If you commit battery and the victim suffers significant bodily injury, you will face a penalty enhancement under the California PC 12022.7. This enhancement allows the judge or the jury to impose additional imprisonment if a defendant inflicts a substantial bodily injury on the victim in the commission of a felony offense. Under this penalty enhancement, you will face an additional three to six years in state prison. This additional term will be consecutive. This means that you will serve it immediately after completing the imprisonment for felony violation of PC 243d.
This penalty enhancement will only apply if the prosecutor charges the battery with serious bodily injury as a felony. The enhancement will not apply if the prosecutor charges the crime as a misdemeanor. A significant bodily injury is any injury that is greater than moderate or minor. Substantial bodily injury is limited to physical harm. Therefore, the following do not count as significant bodily injury:
- Financial losses
- Emotional scars
In most cases, significant bodily injury comprises major traumas like paralysis and brain damage. However, the significant bodily injury does not have to be overly severe or permanent. The defendant must have personally inflicted significant physical damage on the victim for this sentence enhancement to apply. The judge will mainly consider three factors when determining whether an injury qualifies as significant bodily injury:
- The severity of the injury
- The physical pain that resulted from the injury
- Whether the victim requires immediate medical attention
How Long The Imprisonment Term Will Be Under PC 12022.7 Enhancement
If the defendant causes significant bodily injury while committing aggravated battery, they will face a penalty enhancement translating to three to six year’s imprisonment in state prison. This enhancement is for a felony conviction of battery with significant bodily injury. The exact length of the severe physical injury enhancement will vary depending on the facts of a case. However, the following statutes provide some guidance:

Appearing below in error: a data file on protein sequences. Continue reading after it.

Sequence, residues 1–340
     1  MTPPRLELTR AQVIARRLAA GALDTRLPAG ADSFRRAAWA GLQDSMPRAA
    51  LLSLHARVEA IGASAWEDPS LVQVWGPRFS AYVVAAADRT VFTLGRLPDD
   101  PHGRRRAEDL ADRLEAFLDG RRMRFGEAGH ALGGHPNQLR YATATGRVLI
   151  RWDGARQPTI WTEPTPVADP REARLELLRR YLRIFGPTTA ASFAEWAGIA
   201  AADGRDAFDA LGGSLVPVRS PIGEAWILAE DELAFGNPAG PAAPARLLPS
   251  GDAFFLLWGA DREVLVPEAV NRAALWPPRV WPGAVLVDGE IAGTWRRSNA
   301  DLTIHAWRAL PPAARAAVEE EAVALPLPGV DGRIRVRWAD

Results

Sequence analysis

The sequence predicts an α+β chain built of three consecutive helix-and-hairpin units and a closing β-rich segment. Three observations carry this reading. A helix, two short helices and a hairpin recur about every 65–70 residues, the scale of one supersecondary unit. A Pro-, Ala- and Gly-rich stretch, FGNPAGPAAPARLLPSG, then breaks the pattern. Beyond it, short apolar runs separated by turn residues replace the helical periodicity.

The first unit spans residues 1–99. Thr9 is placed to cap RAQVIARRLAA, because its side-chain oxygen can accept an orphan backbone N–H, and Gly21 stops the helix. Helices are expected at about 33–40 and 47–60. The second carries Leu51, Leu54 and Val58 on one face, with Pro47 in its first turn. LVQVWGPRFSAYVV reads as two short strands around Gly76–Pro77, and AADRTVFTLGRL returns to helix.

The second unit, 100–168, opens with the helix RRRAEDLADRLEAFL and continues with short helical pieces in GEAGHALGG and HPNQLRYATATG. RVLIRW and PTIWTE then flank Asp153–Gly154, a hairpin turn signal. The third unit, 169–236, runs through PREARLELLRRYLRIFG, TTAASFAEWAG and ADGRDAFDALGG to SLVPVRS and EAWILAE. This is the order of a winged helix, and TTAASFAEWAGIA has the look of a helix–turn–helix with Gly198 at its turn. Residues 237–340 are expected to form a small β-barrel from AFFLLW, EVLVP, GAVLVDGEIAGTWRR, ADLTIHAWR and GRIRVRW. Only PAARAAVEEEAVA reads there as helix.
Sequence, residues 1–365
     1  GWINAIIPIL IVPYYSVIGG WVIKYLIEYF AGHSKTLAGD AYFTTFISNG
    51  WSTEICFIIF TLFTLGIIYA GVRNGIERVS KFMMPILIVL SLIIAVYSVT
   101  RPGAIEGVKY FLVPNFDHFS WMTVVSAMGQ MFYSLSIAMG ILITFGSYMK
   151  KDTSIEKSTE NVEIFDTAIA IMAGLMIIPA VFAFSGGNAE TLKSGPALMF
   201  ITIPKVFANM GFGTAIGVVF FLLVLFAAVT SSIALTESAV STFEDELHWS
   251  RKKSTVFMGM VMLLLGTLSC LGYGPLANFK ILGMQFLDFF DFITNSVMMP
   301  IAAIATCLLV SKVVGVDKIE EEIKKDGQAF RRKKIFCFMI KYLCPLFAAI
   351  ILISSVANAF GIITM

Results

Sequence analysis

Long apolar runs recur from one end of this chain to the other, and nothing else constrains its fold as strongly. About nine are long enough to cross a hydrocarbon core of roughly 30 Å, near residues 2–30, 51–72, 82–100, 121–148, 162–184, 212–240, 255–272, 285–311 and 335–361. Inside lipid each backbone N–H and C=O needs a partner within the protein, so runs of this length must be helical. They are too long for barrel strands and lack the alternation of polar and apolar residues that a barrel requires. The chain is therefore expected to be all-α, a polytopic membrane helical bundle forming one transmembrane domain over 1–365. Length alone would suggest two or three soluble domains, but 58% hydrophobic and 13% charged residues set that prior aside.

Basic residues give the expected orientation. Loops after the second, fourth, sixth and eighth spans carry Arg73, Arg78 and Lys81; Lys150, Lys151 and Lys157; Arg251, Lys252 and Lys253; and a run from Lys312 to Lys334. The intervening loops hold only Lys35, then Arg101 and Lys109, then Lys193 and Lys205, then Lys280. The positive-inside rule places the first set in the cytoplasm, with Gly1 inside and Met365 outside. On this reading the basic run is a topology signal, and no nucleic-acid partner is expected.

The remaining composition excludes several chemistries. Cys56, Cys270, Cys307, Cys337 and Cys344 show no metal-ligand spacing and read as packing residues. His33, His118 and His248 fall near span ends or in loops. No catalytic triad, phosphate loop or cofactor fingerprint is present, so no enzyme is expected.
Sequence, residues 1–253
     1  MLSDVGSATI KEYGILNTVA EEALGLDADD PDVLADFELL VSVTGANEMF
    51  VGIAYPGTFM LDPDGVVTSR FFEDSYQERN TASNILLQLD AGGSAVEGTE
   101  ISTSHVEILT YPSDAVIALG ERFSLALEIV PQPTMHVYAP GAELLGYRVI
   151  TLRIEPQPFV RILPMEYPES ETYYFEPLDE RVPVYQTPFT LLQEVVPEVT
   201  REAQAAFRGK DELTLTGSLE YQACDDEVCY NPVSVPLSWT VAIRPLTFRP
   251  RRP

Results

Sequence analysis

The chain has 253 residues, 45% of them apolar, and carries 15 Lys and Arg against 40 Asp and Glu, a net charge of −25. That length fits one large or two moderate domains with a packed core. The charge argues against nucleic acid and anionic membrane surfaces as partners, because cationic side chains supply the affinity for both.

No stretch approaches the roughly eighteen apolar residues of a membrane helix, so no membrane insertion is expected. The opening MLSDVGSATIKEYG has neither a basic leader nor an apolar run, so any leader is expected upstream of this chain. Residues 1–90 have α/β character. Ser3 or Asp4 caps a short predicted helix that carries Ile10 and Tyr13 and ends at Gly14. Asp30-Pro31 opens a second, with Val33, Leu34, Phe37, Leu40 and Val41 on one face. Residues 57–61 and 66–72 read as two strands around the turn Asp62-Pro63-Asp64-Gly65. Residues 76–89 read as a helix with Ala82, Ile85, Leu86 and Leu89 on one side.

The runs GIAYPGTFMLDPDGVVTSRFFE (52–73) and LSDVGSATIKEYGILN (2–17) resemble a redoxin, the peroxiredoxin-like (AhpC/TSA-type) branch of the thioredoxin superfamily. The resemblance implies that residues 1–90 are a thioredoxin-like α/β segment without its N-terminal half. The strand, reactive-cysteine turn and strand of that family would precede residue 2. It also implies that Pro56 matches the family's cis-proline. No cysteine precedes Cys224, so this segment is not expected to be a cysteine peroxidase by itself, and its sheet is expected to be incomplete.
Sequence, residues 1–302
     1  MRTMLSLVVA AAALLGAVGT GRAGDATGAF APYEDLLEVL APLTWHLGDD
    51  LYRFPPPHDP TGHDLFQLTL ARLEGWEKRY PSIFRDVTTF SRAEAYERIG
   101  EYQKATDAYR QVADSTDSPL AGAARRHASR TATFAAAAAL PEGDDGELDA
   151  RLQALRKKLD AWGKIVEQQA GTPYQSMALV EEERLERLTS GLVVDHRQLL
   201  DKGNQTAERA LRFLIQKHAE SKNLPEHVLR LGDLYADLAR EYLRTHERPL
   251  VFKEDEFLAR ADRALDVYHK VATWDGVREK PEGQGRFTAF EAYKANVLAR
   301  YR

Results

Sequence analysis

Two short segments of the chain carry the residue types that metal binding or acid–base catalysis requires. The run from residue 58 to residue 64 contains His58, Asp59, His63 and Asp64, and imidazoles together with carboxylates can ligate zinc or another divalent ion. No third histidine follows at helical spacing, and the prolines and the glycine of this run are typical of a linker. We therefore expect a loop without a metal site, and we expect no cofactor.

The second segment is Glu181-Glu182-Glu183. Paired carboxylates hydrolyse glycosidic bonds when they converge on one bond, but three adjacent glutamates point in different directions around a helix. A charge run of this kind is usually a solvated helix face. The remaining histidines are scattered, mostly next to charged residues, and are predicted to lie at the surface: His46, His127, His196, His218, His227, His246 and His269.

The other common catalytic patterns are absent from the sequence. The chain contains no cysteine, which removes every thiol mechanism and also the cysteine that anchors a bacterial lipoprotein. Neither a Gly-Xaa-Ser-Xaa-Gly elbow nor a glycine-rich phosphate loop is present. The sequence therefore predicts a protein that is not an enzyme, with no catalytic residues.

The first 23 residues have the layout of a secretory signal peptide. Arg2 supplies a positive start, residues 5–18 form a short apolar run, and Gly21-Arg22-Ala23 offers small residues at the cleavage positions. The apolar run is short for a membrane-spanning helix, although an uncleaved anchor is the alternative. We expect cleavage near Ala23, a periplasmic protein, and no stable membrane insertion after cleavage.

- According to California PC 12022.7(a), the rule is that inflicting significant bodily injury on the victim will lead to additional and consecutive imprisonment of three years in state prison.
- California PC 12022.7(b) states that if a victim suffers paralysis or becomes comatose because of a brain injury, the defendant will be subject to an additional and consecutive term of up to five years in state prison.
- According to PC 12022.7(c), if the defendant imposes serious bodily injury on a victim above 70 years, they will face an additional and consecutive prison term of five years.
- The California PC 12022.7(d) states that the defendant will face additional imprisonment of six years in state prison if they commit a felony and inflict serious bodily injury on a child below five years.
- According to PC 12022.7(e), inflicting significant bodily injury in a case involving domestic violence will lead to additional and consecutive imprisonment of five years in state prison.
Difference Between Great Bodily Injury And Serious Bodily Injury
California law differentiates between great bodily injury and serious bodily injury. Compared to great bodily harm, the infliction of serious bodily injury is less extreme. It mainly refers to moderate injuries or moderate impairment of a physical condition. The typical examples of severe bodily injuries include disfigurement, a loss of consciousness, and concussion.
Common Legal Defenses For Battery With Great Bodily Injury